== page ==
Commands[edit | edit source]

command Command Command

Command are often used as shortcut for functions and subprograms:

command C -nargs=* call F ( <f-args> )
command C source ~/vimfiles/s.vim

Object oriented programming[edit | edit source]

Vim 7 now allows object oriented programming. However, in order to make it real you need to combine several features, namely Dictionaries, Funcrefs and the new function autoload.

The following example class is taken from the gnat compiler plugin for vim. The actual functions implementations have been removed as they are not needed to understand the concept. If you like to have a look at the full version you can download the plugin from vim.org site.

Step by Step walk-through[edit | edit source]

We add our new class to a autoload script. That way the class is available when and only when needed:

if exists ("g:loaded_gnat_autoload") || version < 700
   let g:loaded_gnat_autoload=1

Each function we define need to be defined with the "dict" attribute. Apart from that they are just normal scripting functions.

   function gnat#Make () dict
   endfunction gnat#Make

   function gnat#Pretty () dict
   endfunction gnat#Pretty

   function gnat#Find () dict
   endfunction gnat#Find

   function gnat#Tags () dict
   endfunction gnat#Tags

   function gnat#Set_Project_File (...) dict
   endfunction gnat#Set_Project_File

   function gnat#Get_Command (Command) dict
      return ...
   endfunction gnat#Get_Command

The most important step is the composition of the object. In most OO languages this happens automatically - But with vim we have to do this ourselves. For best flexibility the use of a so called constructor function is suggested. The constructor is not marked with "dict":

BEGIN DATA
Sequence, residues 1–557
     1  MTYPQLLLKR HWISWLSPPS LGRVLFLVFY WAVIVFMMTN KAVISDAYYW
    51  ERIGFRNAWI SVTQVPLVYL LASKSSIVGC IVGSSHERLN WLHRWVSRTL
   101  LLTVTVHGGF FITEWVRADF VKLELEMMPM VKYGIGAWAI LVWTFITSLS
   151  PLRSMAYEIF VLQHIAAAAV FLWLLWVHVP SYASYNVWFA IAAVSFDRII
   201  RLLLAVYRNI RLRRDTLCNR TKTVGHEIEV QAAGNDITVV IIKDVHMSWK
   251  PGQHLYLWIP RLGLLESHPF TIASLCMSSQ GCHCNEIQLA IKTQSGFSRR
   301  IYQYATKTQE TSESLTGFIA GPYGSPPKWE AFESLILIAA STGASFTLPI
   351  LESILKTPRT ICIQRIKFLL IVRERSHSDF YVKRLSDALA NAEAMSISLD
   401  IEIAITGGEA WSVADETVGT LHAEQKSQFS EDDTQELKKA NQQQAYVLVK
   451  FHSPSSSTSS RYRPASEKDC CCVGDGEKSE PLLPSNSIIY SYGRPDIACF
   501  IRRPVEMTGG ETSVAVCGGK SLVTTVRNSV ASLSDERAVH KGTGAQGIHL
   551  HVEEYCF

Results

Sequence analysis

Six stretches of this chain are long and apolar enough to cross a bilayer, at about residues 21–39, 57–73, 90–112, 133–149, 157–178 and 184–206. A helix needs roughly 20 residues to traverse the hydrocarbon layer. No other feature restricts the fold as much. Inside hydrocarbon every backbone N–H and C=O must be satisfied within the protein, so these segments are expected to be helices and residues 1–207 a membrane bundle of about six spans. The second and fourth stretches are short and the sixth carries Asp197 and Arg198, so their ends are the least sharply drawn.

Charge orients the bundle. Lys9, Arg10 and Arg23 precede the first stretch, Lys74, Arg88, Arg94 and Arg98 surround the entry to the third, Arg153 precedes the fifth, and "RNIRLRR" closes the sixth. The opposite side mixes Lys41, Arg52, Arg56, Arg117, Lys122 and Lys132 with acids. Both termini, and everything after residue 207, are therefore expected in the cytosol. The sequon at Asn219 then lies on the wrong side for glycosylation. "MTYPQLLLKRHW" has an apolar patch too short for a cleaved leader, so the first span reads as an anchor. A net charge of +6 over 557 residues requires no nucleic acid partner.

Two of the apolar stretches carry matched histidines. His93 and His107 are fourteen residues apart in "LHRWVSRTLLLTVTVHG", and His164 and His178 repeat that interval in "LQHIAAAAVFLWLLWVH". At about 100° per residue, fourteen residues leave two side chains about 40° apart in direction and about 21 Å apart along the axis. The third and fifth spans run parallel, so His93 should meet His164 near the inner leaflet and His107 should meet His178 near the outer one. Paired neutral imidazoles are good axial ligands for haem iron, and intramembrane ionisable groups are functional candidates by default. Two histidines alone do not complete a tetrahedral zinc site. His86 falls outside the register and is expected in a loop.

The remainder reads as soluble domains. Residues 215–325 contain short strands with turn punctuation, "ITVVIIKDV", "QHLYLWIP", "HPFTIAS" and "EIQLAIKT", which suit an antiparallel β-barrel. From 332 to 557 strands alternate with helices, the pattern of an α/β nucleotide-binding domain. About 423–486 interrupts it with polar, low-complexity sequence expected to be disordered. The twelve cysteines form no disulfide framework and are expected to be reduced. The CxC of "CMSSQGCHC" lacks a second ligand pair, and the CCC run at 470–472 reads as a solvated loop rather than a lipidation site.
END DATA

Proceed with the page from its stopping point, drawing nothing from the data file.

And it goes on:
function gnat#New ()

The constructor creates a dictionary which assigns all the object functions to one element of the dictionary:

      let Retval = {
	 \ 'Make'	      : function ('gnat#Make'),
	 \ 'Pretty'	      : function ('gnat#Pretty'),
	 \ 'Find'	      : function ('gnat#Find'),
	 \ 'Tags'	      : function ('gnat#Tags'),
	 \ 'Set_Project_File' : function ('gnat#Set_Project_File'),
	 \ 'Get_Command'      : function ('gnat#Get_Command'),
	 \ 'Project_File'     : ,

We optionally can now add data entries to our object:

	 \ 'Make_Command'     : '"gnat make -P " . self.Project_File . "  -F -gnatef  "',
	 \ 'Pretty_Command'   : '"gnat pretty -P " . self.Project_File . " "',
	 \ 'Find_Program'     : '"gnat find -P " . self.Project_File . " -F "',
	 \ 'Tags_Command'     : '"gnat xref -P " . self.Project_File . " -v  *.AD*"',
	 \ 'Error_Format'     : '%f:%l:%c: %trror: %m,'   .
			      \ '%f:%l:%c: %tarning: %m,' .
			      \ '%f:%l:%c: (%ttyle) %m'}

If needed additional modifications to the object are also possible. At this stage you can already use the OO-way:

      if argc() == 1 && fnamemodify(argv (0), ':e') == 'gpr'
	 call Retval.Set_Project_File(argv(0))
      elseif  strlen(v:servername) > 0
	 call Retval.Set_Project_File(v:servername . '.gpr')

The last operation of the constructor is the return of the newly created object.

      return Retval
   endfunction gnat#New

It is also possible to defined additional non dict functions. These functions are the equivalent to the "static" or "class" methods of other OO languages.

   function gnat#Insert_Tags_Header()
   endfunction gnat#Insert_Tags_Header


Learning the vi Editor: Getting acquaintedBasic tasksMaking your work easierAdvanced tasksDetailsVi clones (VimBasic navigationModesTips and TricksUseful things for programmers to knowEnhancing VimVim on WindowsVimL Script language, Vile, BB vi)vi Reference